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As the youngest of my parents’ four children by more than a decade, I spent a great deal of my time as a child with “old folks” — my parents, my grandmothers and older babysitters who became my adoptive “Big Mamas” and “Ma Dears.”

Time spent with these cultural sages made me privy to the unseen spiritual and political forces that kept my world, the South Side of Chicago, spinning on its axis.

Like most African Americans living in Chicago in the 1970s at the end of the Great Migration, my parents were former sharecroppers who had escaped the shackles of Jim Crow life in their native lands of Mississippi and Alabama and who had struck out, alongside other Black Southerners, in search of a better life in the North. A life where their children could get a good education and earn a decent wage for a day’s work in a place where they could vote.

They believed this was their birthright — duly granted by constitutional amendment. Both of my parents were keen political analysts who regaled their friends, and me, with colorful commentaries about national and local politics that always ended with a stern admonishment that “Black folks need to vote!” That was their mantra.

The 15th Amendment to the United States Constitution, ratified 150 years ago this week on Feb. 3, 1870, made this possible, on paper. It granted the right to vote to any man, regardless of race.

But my parents had witnessed firsthand how literacy tests, poll taxes and grandfather clauses were wielded by the white powers-that-be to impede black people from voting in the South. It wasn’t until the passage of the Voting Rights Act of 1965 that full enfranchisement was granted to all U.S. citizens, namely the descendants of enslaved African people who literally built the South and whose free labor many American corporations continue to reap benefits from today.

Although neither of my parents finished high school, they recognized their agency and clung to their right to be self-determined. They saw voting as a way to speak for themselves and to stand up for what they believed. They drilled this belief into me as we braved the bitter Chicago “hawk” to head to the polls on Election Day. I fondly remember my mother beaming with joy when she exited the voting booth and was handed her “I Voted” sticker.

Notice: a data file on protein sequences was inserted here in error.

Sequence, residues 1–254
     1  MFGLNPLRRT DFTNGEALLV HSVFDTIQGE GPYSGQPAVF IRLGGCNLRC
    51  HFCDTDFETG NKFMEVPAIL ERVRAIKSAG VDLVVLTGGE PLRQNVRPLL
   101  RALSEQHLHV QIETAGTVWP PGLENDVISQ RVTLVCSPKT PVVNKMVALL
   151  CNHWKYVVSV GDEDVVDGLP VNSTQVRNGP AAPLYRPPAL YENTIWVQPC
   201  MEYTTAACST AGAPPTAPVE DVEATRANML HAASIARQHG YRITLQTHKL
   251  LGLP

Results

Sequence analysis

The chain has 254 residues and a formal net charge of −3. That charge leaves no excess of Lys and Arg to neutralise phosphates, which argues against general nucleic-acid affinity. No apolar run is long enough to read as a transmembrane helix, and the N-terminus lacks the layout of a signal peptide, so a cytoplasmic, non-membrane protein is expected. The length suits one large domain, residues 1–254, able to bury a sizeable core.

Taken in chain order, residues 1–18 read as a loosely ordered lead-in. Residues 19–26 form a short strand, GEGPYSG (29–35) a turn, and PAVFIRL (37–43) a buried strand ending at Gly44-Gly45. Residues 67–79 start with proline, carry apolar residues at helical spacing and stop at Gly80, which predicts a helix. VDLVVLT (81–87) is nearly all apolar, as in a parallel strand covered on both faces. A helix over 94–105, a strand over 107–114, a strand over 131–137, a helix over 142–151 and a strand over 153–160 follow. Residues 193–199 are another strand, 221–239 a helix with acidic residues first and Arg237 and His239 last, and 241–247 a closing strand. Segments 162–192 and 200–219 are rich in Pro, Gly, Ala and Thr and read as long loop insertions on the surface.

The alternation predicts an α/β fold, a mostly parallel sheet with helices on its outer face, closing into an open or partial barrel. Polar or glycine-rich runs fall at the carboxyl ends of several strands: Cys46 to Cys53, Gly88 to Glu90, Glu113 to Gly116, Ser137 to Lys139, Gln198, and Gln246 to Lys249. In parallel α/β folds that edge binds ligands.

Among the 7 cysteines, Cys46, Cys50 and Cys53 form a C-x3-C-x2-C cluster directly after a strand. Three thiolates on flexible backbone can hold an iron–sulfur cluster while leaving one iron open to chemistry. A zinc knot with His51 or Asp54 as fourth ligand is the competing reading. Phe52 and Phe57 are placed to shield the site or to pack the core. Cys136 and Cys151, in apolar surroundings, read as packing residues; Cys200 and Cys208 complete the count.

On a few occasions, I accompanied my paternal grandmother, Mamie, to vote at the library. While she stood in line, I’d thumb through magazines and newspapers and dream about what my life might look like when I was a voting adult. I didn’t know it then, but by casting their votes, my elders were giving voice to their own dreams and putting their individual stamp on a right endowed to all Americans.

I believe my parents would be shocked and ashamed to learn of the movement underfoot to make it harder for many Americans to vote. My recent visit to the MVA to get a Real ID Maryland driver’s license was a confusing ordeal that took two more attempts before I was granted the new license and voter ID card. The closure of polling places most accessible to the poor, infirm and elderly, and the difficulty in getting an ID, are I believe, nothing more than 21st century measures to strip marginalized people of their birthright.

As a newcomer to Baltimore, I will be voting in local elections here for the first time. Baltimore, like Charleston, S.C., from where I recently moved, is an important historical port city that shaped this country’s reluctant consciousness of slavery and race. Like Chicago, it is a tale of two cities — a destination of opulence, social cachet and financial capital and one of blighted neighborhoods with ensuing crime, under-resourced public schools, little access to fresh food and too few jobs with living wages.

Yet in Baltimore, I see people like my parents: people with grit, resilience and the audacity not just to “hope” — as former President Barack Obama would say — but to get up, stare down the negative headlines and often times bleak circumstances to face another day, whether it’s walking their kids to school or riding the bus to work.

It is my fervent hope that they will meet me at the polls this year, steadfast and emboldened by the assurance of the 15th Amendment, despite 150 years of systematic perfidy, knowing, as I do, that the will of the people will not be silenced. See you all at the polls!

— Patricia Williams Lessane (patricia.lessane@morgan.edu) is associate vice president of Academic Affairs Morgan State University.

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